The Trevor Project 866-488-7386
Trans Lifeline 877-565-8860

The Trevor Project

Trans Lifeline

Being an Ally


An ally is someone who does not identify as a “member” of the LGBTQ+ community. Allies love someone in that community, and/or they are someone who speaks up for equality.  To be an ally is to be brave and to be willing to speak up in situations which feel uncomfortable.  No one ever wants an ally to place themselves in danger.  Allies can often have difficult conversations that would be too traumatic for the LGBTQ+ individual. We are so grateful to our allies. 

Examples of hard conversations and possible responses:

People say “We support whatever lifestyle your daughter chooses.”

We say… gently but directly… “She doesn’t have a lifestyle. She has a life. A good one with someone she loves, and we are delighted.”
(Hint: Don’t argue. Just repeat or say these again in a similar way- firmly and sincerely.)

People say, “We love the sinner and hate the sin.” 

We say, “We know some people think that being  LGBTQ+ is a sin, but we don’t.”

People say, “Do you think being gay or transgender is biological?” 

We say, “We don’t know, and we don’t care. We are glad to have so many wonderful people in our lives. They are the people to whom we go for unconditional love.”

People say, “That’s so gay.” 

We say, “I am not clear what you mean. Can you explain?” We say, “People I care about are gay. I am not okay with your using the word this way.” We can say, “It sounds like you must mean something else. Can you think of a better word?”

People say, “I’m not comfortable with LGBTQ+ people.” 

We say, “That’s too bad. We find them to be accepting of others. We have learned about unconditional love from our LGBTQ+ friends and family members.” 

People say, “I am okay with LGBTQ+ people if they don’t flaunt it. Why do they have to throw it in our face?” 

We say, “We believe all people should have the same rights, and all people should be respectful of others no matter what their orientation or identity.”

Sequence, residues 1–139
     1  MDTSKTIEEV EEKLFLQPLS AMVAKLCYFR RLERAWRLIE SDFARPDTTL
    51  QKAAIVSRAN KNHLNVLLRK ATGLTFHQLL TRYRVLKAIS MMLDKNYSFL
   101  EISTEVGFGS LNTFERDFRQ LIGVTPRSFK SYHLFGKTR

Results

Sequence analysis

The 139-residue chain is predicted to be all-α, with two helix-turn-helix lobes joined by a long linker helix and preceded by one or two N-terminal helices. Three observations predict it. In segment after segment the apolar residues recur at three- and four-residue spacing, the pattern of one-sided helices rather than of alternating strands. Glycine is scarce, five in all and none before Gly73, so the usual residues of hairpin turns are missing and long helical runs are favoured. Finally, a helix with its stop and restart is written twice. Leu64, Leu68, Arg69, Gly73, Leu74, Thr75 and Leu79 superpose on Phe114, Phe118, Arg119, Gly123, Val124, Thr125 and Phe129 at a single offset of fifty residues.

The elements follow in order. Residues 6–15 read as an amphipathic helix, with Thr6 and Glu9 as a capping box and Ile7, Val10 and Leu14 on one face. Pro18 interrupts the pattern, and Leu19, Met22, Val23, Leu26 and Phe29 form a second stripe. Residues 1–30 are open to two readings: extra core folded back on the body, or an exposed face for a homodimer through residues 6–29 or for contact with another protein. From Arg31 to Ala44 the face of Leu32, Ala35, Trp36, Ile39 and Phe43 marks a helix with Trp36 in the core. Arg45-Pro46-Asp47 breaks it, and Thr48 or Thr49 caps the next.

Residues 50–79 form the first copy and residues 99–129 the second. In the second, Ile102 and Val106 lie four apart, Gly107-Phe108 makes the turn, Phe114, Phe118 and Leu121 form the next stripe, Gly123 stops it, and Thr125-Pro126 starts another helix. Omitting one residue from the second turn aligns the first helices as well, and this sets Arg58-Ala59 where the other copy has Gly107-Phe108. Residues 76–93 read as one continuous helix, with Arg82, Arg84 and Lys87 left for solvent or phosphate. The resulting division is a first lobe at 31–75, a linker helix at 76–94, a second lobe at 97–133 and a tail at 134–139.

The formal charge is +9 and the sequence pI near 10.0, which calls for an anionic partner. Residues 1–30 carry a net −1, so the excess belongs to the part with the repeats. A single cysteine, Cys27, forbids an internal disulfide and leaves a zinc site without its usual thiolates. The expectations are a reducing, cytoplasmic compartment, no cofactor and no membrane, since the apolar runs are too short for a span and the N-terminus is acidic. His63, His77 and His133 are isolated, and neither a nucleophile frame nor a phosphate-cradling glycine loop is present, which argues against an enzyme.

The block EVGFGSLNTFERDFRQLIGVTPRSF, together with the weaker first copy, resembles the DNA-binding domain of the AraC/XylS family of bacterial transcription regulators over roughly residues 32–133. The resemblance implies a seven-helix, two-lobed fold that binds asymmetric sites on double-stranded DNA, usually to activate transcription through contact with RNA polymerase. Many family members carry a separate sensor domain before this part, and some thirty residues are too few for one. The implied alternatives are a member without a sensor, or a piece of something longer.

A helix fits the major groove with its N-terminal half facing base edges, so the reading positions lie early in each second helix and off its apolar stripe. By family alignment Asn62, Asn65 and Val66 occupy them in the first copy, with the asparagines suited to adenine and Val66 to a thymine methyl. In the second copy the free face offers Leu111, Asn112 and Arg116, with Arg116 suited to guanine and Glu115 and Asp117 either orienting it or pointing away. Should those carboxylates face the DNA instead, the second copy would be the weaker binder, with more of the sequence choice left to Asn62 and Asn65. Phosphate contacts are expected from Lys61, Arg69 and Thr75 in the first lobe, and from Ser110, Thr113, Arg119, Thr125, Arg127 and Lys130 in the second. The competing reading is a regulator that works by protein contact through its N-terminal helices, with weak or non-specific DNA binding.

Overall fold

People say, “I think being gay is gross and disgusting.” 

We say, “People are often uncomfortable about sexuality. This is private behavior and that is true no matter one’s orientation. It is none of our business.”

People say in a rude way trying to be funny or confront us, “Aren’t you afraid if you hang out with these people, you will turn into one?” 

We can say, “I know so many wonderful people within this community.  I would be happy to be one of them if that was how I identified.  I don’t, and you can’t “catch” being LGBTQ+.  You might want to educate yourself more before you make statements like this one.  

People say, “ it seems like everyone is trans or queer or nonbinary these days.  It is just a fad.

We say, “People in the LGBTQ+ community have spent much of their lives being unable to be who they are because of fear. I am thrilled that they are finally feeling safer to be who they are and to be proud of that.  It only seems like a fad because people can finally be honest about themselves.  

People say, “gender is based on the anatomy that you are born with.  Your assigned sex at birth is your gender.  It is simple.”

We say, I have a wonderful video for you to watch that will educate you about sex and gender.  Before you say this statement again, watch The Science of Gender by Linden Jordan

Browse by Page
Accessibility Accessibility Options
Connect on Social Media

We are committed to continuously improving access to our goods and services by individuals with disabilities.
If you are unable to use any aspect of this website because of a disability, please call us and we will provide you with prompt personalized assistance.

If you have trouble seeing web pages, the US Social Security Administration offers these tips for optimizing your computer and browser to improve your online experience.

If you are looking for mouse and keyboard alternatives, speech recognition software such as Dragon Naturally Speaking may help you navigate web pages and online services. This software allows the user to move focus around a web page or application screen through voice controls.

If you are deaf or hard of hearing, there are several accessibility features available to you.

Closed Captioning
Closed captioning provides a transcript for the audio track of a video presentation that is synchronized with the video and audio tracks. Captions are generally visually displayed over the video, which benefits people who are deaf and hard of hearing, and anyone who cannot hear the audio due to noisy environments. Most of our website’s video content includes automated captions. Learn how to turn captioning on and off in YouTube.

Volume Controls
Your computer, tablet, or mobile device has volume control features. Each video and audio service has its own additional volume controls. Try adjusting both your device’s volume controls and your media players’ volume controls to optimize your listening experience.


Search the Website

Use keywords in the search box below to find what you're looking for.